You are currently viewing “OF WEALTH, FAME AND LOVE”
Erasmus Cromwell-Smith


One way or another,

we all chase,

some of us relentlessly,

wealth, fame and love,

in this exact order of importance.

These life illusions

don’t always present themselves

in such a prescribed pecking order.

Fact is, we never know

who shows up first,

or if any of them

will ever make itself present,

at all.

But if they do,

we’ll face one of

life’s most puzzling conundrums,

that is, what are we keenly after,

is not only elusive,

but usually comes

at the expense of something else.

Correspondingly, more often than not,

when we are graced with riches and a good name,

it comes at the expense of love,

or if we become wealthy,

it is at the expense of the other two,

or a good reputation comes without love or riches,

or love blesses us without riches or even a good name.

What is not so apparent though,

is that this triad of grand illusions,

which we covet so much, comes at the expense of others,

even more important virtues,

some existential in nature, others, crucial life attitudes,

than our three grand illusory obsessions.

As we chase wealth,

we sacrifice frugality,

and run the risk of losing

our ability to appreciate

the true value of people or material things,

or perhaps even worse

we become unable

to value the simplest of things,

especially those that

are nominally scarce in quantifiable degrees.

As as we go after reputation,

we run the risk that,

nothing about us is nameless any longer,

and the fiction of what others think about us,

morphs into an obsession and becomes more important

than the reality of who we really are.

Falsely, anonymity then becomes

a synonym for failure or lack of accomplishment,

and everything we do or we work for,

becomes attached to our name and ego.

But the biggest risk we face with fame

is that everything we do in life,

for others or ourselves,

becomes somewhat and somehow,

driven and conditioned,

by what others think, how they react,

and how they behave.

Thus, we lose part or all of our sense of identity,

as the purest of all acts in life,

the acts of conscience,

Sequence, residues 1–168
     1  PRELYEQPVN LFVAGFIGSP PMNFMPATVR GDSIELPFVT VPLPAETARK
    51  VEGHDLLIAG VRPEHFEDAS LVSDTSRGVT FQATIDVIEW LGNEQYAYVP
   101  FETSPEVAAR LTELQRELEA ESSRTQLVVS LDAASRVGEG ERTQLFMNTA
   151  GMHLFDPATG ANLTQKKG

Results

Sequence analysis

where we are only accountable to ourselves,

totally escape us.

But the most difficult

of our life’s grand illusions to go after is love

as by doing so,

we run the risk of sacrificing freedom.

Love is a compromise between two souls,

where each one “gives” a part of themselves,

and a couple is born.

But a twosome is a separate unit

from the two individuals,

and the balance between

the individuality of each one versus the couple,

even though attainable,

is very difficult to achieve,

and even more so to maintain.

The problem lies in,

that self-determination and liberty

are not that compatible with love.

It takes a lot of maturity, tolerance and compromise

for both to coexist.

It is in true love

where the boundaries within a couple blend best.

This happens,

when freedom, instead of being an obstacle,

is actually the bond,

that unites authentic love.

Strings and ties,

are not driven by walls

of insecurity and possession,

but by the natural, spontaneous

and comfortable yearning,

for our other half,

and the certainties of immanent belonging

to someone else’s heart.

Are we then, just chasing,

these three grand illusions in life?

Is that all we are capable to do?

Are they only a mirage?

Do we sacrifice frugality and austerity

when we go after riches and wealth?

Do we lose anonymity and our own identity

when we are after reputation and a good name?

And, do we lose freedom and self-determination

when we join in love?

Before chasing wealth,

perhaps we should learn to be frugal and austere first

so we learn the true value of things,

and how precious is each fellow human being?

And we should learn first how to be

humbly anonymous and modestly nameless,

and do things for ourselves,

based on our conscience alone,

before chasing reputation and a good name,

which are always based

on what other’s think of us,

instead of on what we really think about ourselves.

And we could learn about freedom

and self-determination first,

hopefully before true love finds us,

hooking us up with someone else,

so we will be capable of balancing,

the emerging couple

with our individuality and sense of being.

Life is a mirage of three grand illusions,

wealth, fame and love,

that require a fine balance between them,

as not to hurt some,

at the expense of a triad of others,

namely frugality, anonymity, and freedom

as we require them as well,

for a wholesome, well balanced and happy life.

Erasmus Cromwell-Smith

July 2020.

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